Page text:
Friends In Three Countries





3 October 2017

The North Atlantic Arc ~ Mr Tattie Heid Home
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Tuesday 3 October 2017--We cancel our lodgings in Egilsstađir and Höfn this morning, the washed-out road in the southeast still reportedly closed. We waited as long as we could. As disappointed as we are that we will not complete our trip around the Ring Road, we are both looking forward to another couple of nights in Reykjavík. I'm thinking that I've lost my one chance to see the Eastfjords and the whole eastern part of Iceland, but oddly enough, I feel at peace with it. I have in recent years felt some urgency in ticking off boxes on my travel bucket list, and I still do. At the same time, there has come a slowly growing acceptance of the fact that I won't get to all of it. There's nothing to do about it but keep on doing what you can, while you can.

Our original plan for today was to hang around Akureyri, but we will instead visit some sites to the east, which we would have seen on our way to Egilsstađir tomorrow. We drive south out of town, around the head of the fjord, then north to loop around the ridge of mountain to the east. A tunnel, Vađlaheiđargöng, is expected to open next year, cutting off this northern loop. The project appears to be something of a white elephant. It's two years behind schedule and well over budget, due to some unforeseen technical problems. It will shorten the trip east by a mere ten miles, and replace a stretch of good road over a pass that is not particularly high or treacherous. The beneficiaries of all this are the 2,000 residents of Húsavík, a fishing town to the northeast, who will gain more reliable winter road access to Akureyri. No one else seems to think it's worth the cost.

Forty minutes out of town, we arrive at Gođafoss, a graceful curve of a waterfall with a couple of big knuckles in the middle, on the river Skjálfandafljót. In about the year 1000, the Alţingi, under the guidance of the lawspeaker Thorgeir Thorkelsson, decided that Iceland should convert to Christianity. Legend has it that Thorgeir, who was chieftain in this region, threw his pagan idols into the falls here on his return from Ţingvellir. Thus it is Gođafoss, the Falls of the Gods. There are car parks on both sides of the river, each with about twenty cars in it; getting photos without tourists in them is a challenge.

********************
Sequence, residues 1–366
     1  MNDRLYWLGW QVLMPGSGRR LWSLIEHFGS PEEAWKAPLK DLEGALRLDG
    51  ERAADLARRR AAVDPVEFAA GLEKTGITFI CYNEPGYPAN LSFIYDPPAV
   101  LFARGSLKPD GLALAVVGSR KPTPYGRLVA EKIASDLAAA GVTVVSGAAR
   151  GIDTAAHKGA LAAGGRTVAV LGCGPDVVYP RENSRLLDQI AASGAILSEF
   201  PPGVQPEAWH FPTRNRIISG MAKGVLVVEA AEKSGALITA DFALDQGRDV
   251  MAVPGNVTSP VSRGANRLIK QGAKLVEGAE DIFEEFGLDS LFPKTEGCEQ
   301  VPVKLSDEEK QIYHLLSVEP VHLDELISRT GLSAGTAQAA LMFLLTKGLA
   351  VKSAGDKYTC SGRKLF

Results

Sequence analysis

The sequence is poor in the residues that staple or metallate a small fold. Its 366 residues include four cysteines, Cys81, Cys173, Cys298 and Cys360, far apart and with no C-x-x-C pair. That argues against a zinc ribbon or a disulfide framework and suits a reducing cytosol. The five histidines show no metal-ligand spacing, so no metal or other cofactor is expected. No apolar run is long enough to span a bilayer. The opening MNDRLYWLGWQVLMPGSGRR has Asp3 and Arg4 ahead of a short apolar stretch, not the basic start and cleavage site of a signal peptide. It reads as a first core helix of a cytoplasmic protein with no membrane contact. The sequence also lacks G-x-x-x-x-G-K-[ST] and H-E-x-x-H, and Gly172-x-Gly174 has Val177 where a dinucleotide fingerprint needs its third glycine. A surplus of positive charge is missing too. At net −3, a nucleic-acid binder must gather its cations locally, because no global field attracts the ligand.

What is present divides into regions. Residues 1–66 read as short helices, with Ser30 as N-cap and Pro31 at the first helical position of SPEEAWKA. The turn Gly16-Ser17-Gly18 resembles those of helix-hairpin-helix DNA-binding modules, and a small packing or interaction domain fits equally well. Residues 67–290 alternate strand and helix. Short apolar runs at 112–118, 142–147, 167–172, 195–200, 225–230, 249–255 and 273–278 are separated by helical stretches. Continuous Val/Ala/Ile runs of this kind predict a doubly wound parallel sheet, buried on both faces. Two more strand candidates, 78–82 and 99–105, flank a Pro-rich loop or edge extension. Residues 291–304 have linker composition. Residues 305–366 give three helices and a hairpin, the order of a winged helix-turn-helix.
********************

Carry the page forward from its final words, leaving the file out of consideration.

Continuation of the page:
Another forty minutes along, we pass Mývatn, Iceland's third-largest natural lake. Mývatn is a mere 2300 years old, formed in the wake of volcanic activity (see Wikipedia for more detail, if you're interested), but the peculiar ecology and geology of the lake and its surroundings led to the creation of the Mývatn- Laxá Nature Conservation Area, nominated as a UNESCO World Heritage Site. Notably, it is a nesting area for a large variety of aquatic birds. Marc and I take note of a new hotel and other development along the Ring Road here, an indication of the lake's popularity with outdoor enthusiasts. I've read that the government is becoming increasingly concerned about attendant environmental stress. We do our bit to reduce such stress by just driving by.

A few miles on, the road passes over the barren ridge of Námafjall. On the other side is a parking area for Hverir, a zone of geothermal activity with fumaroles (steam vents) fuming and mudpots blurping. The air is thick with the stench of hydrogen sulfide, not merely sulphuric but intensely acrid, the reason nothing grows here. The landscape is often compared to Mars, but I'm thinking more of Io, Jupiter's volcanic moon--bizarre and alien, in any case. We spend a half an hour wandering about. There is enough space here that for once I don't much mind sharing it with dozens of my fellow tourists.